Families Worry As Americans Remain Stranded In Caribbean After Irma

NEW YORK (CBSNewYork) — Thousands of families in the U.S. are desperately trying to contact family members in Hurricane Irma’s path of destruction.

The recovery effort on St. Maarten is expected to take months after the island was almost completely destroyed, many homes and schools were knocked down by the storm, and hotels suffered severe damage.

Island officials said St. Maarten will likely lose its tourist season because of Irma.

There are still many Americans stranded on the island, and with the Caribbean bracing for Hurricane Jose, it’s not clear when they’ll be able to leave.

The devastation makes you wonder who could possibly still be there, but New Yorker Scott Imbrosciano and his girlfriend Lauren Stallworth are among those stranded.

“It’s hard to grasp what’s going on down there has a major effect on someone important to me and my life,” he told CBS2’s Valerie Castro.

He said the couple arrived on the island on Saturday — unable to get an earlier flight out, they rode out the hurricane in a concrete bunker with other hotel guests staying at the Sonesta Resort.

“He told me that the main door to the bunker flew open, and some guy went flying out, and they were basically able to catch him and pull him back in,” he said, “There was like a 10 minute window where he thought for sure they were going to die.”

They survived and have since been packed into conference rooms with more than 300 people.

Another New Yorker, Tiffany Bunker found shelter at a hotel that was left partially standing.

“One hotel that we could have gone to, across the street is wiped away, every single floor has been dismantled,” she said, “I cannot even describe or imagine going through this and to be on the verge of it again is absolutely terrifying.”

With almost every building decimated and the airport control tower wiped out, all commercial flights have been suspended. Only military and humanitarian planes are able to bring supplies, and things are getting desperate.

“No showers, no AC, no real running water, they were using bags for bathrooms and they were rationing food,” one person said.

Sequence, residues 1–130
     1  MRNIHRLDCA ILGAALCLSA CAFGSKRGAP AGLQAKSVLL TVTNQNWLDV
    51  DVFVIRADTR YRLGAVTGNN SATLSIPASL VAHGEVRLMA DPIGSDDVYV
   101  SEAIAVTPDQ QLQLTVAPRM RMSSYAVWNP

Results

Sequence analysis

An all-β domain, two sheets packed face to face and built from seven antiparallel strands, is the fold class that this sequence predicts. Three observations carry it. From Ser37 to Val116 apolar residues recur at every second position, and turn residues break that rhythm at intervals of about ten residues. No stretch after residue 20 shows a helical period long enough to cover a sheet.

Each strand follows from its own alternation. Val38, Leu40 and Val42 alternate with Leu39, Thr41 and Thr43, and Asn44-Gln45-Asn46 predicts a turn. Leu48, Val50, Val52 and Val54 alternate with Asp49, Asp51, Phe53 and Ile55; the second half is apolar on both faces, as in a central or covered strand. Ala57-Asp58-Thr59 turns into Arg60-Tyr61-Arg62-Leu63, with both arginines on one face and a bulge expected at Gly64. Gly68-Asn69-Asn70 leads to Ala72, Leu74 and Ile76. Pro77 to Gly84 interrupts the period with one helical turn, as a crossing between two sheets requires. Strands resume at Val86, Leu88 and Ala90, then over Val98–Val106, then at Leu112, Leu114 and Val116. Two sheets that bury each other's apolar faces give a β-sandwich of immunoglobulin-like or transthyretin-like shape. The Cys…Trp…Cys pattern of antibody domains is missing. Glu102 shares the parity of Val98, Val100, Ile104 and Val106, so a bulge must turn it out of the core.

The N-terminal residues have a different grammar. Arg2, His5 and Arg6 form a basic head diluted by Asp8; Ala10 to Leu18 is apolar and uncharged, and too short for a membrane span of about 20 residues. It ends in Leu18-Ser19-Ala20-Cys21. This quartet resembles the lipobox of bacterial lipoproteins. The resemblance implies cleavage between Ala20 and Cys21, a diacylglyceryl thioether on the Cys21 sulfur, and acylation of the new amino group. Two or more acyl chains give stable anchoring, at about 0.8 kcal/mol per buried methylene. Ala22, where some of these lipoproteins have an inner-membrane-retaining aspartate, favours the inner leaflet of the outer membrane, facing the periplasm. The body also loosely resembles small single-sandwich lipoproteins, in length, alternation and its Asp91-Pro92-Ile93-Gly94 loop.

CBS2’s Jessica Moore spoke with two women whose parents are both in St. Maarten, looking for a way home.

Tabetha Pares made another unsuccessful call to St. Maarten on Friday.

“Trying really hard not to freak out,” she said.

Pares’ mother and father were among the 309 people living in a conference room at Sonesta Ocean Point Resort in St. Maarten. They were stranded with a limited supply of food and water, and with most commercial flights off the island canceled for up to six weeks, Pares was getting desperate Friday.

“We’re reaching out to embassies. We’re reaching out to news. We’re reaching family; friends that live close by in different islands to see what we can do; what our options are. If we can get a small plane or charter a boat — whatever we can do to get them off the island at this point — that’s what we’re going for,” she said.

Irma carved a path of destruction wherever she roared through the Caribbean. Video from St. John showed some of the damage inflicted on the U.S. Virgin Islands.

Sherry Sheppard’s parents are also stuck in St. Maarten. Sheppard sent her parents to the island for her mother’s birthday – a quick trip that she fears would turn into an indefinite stay.

“They do have food and water, but now it’s starting to run out — and they’re starting to decrease the portions they’re rationing out to them,” Sheppard said.

But during CBS2’s interview with Sheppard, there was a glimmer of hope. Sheppard’s parents managed to secure a flight off the island.

“Mommy getting on plane to Punta Cana and they’re looking for a flight from Punta Cana home now,” Sheppard read a text message. “Thank God. Thank God.”

Pares can only hope her parents will soon have the same luck.

“It’s scary. It’s really scary especially since there’s another storm behind that one, so we’re not sure how they’re going to make it out of Irma and what’s coming after,” she said.

Late Friday, it turned out that both of the women’s mothers were being flown out of St. Maarten on a Re3d Cross plane to the Dominican Republic. Late in the afternoon, the State Department told CBS2 they they’re working on ways to help Americans in St. Maarten — including reaching out to the Netherlands and France.

There is no U.S. consulate on the island, and they can’t access it yet.

Now, fears are turning to what is still ahead — Hurricane Jose is expected to make landfall Saturday afternoon.

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